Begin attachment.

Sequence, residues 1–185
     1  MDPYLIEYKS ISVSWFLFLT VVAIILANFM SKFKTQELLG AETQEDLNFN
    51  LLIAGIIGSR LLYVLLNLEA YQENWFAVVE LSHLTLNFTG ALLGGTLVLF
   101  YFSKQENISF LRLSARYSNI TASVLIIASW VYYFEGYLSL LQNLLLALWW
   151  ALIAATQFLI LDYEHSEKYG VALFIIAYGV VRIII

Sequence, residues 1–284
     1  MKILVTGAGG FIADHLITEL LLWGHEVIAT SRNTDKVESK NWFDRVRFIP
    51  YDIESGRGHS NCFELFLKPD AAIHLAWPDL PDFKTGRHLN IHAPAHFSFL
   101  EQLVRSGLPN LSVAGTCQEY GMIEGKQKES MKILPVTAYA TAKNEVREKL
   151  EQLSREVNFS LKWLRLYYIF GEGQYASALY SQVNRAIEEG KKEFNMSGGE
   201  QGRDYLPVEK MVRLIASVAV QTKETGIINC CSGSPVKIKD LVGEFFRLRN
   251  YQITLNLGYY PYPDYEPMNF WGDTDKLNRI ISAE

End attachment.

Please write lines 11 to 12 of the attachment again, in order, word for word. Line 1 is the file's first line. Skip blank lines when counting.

   201  QGRDYLPVEK MVRLIASVAV QTKETGIINC CSGSPVKIKD LVGEFFRLRN
   251  YQITLNLGYY PYPDYEPMNF WGDTDKLNRI ISAE